List of Australian herbs and spices

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Australian herbs and spices were used by Aboriginal peoples to flavour food in ground ovens.[1] The term "spice" is applied generally to the non-leafy range of strongly flavoured dried Australian bushfoods. They mainly consist of aromatic fruits and seed products, although Australian wild peppers also have spicy leaves. There are also a few aromatic leaves but unlike culinary herbs from other cultures which often come from small soft-stemmed forbs, the Australian herb species are generally trees from rainforests, open forests and woodlands.

Australian herbs and spices are generally dried and ground to produce a powdered or flaked spice, either used as a single ingredient or in blends.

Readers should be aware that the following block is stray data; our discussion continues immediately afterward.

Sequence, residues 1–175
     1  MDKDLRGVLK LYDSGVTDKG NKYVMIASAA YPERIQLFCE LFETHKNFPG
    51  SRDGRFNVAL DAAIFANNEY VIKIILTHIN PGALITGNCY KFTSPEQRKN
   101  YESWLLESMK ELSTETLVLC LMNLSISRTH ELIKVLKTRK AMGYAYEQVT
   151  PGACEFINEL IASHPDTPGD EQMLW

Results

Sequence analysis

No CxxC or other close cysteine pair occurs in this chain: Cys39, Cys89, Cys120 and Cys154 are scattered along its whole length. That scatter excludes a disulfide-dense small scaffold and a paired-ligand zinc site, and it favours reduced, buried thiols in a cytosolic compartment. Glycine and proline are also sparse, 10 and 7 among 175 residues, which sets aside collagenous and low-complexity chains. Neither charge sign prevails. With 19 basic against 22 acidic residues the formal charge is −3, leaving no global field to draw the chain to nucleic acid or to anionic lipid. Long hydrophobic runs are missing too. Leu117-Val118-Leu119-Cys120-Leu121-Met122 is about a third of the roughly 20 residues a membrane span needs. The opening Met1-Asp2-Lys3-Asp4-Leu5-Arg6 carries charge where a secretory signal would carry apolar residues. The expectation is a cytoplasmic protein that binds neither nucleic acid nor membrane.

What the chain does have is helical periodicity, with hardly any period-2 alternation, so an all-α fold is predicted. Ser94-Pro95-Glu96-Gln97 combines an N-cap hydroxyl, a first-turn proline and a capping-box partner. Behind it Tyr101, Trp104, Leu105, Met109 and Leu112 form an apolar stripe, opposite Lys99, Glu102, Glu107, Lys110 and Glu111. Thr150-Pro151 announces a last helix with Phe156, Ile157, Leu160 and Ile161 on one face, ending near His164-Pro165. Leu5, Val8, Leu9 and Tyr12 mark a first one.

They were used to a limited extent by colonists in the 18th and 19th centuries. Some extracts were used as flavouring during the 20th century. Australian native spices have become more widely recognized and used by non-indigenous people since the early 1980s as part of the bushfood industry, with increasing gourmet use and export.[2][3]

They can also be used as a fresh product. Leaves can be used whole, like a bay-leaf in cooking, or spicy fruits are added to various dishes for flavour.

The distilled essential oils from leaves and twigs are also used as flavouring products.





  1. ^ a b Brayshaw, Helen (2016-04-05). "View of Traditional Aboriginal Cuisine in the Herbert Burdekin District of North Queensland". LiNQ (Literature in North Queensland). p. 89. Retrieved 2021-04-10.
  2. ^ a b c d Stynes, B (1997). "Contributing to the development of Aboriginal food plants". Tropical Grasslands. 31: 313.
  3. ^ Santich, Barbara (2011). "Nineteenth-century experimentation and the role of indigenous foods in Australian food culture" (PDF). Australian Humanities Review. 51: 65–66.

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